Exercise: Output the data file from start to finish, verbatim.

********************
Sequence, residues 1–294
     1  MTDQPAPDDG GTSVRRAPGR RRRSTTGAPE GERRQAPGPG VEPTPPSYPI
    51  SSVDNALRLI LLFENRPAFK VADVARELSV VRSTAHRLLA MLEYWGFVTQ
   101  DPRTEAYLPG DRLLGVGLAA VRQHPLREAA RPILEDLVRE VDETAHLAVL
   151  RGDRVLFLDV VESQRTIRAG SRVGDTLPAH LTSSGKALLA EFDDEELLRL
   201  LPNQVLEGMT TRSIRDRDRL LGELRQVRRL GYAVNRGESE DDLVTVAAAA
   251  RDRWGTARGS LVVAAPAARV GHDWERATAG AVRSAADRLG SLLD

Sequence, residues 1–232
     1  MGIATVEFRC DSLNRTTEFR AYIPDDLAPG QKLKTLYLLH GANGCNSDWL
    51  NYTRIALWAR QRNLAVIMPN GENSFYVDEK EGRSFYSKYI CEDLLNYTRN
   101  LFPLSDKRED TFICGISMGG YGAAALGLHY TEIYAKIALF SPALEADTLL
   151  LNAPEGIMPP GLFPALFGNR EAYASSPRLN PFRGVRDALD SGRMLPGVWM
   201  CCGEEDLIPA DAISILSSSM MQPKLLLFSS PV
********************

Sequence, residues 1–294
     1  MTDQPAPDDG GTSVRRAPGR RRRSTTGAPE GERRQAPGPG VEPTPPSYPI
    51  SSVDNALRLI LLFENRPAFK VADVARELSV VRSTAHRLLA MLEYWGFVTQ
   101  DPRTEAYLPG DRLLGVGLAA VRQHPLREAA RPILEDLVRE VDETAHLAVL
   151  RGDRVLFLDV VESQRTIRAG SRVGDTLPAH LTSSGKALLA EFDDEELLRL
   201  LPNQVLEGMT TRSIRDRDRL LGELRQVRRL GYAVNRGESE DDLVTVAAAA
   251  RDRWGTARGS LVVAAPAARV GHDWERATAG AVRSAADRLG SLLD

Sequence, residues 1–232
     1  MGIATVEFRC DSLNRTTEFR AYIPDDLAPG QKLKTLYLLH GANGCNSDWL
    51  NYTRIALWAR QRNLAVIMPN GENSFYVDEK EGRSFYSKYI CEDLLNYTRN
   101  LFPLSDKRED TFICGISMGG YGAAALGLHY TEIYAKIALF SPALEADTLL
   151  LNAPEGIMPP GLFPALFGNR EAYASSPRLN PFRGVRDALD SGRMLPGVWM
   201  CCGEEDLIPA DAISILSSSM MQPKLLLFSS PV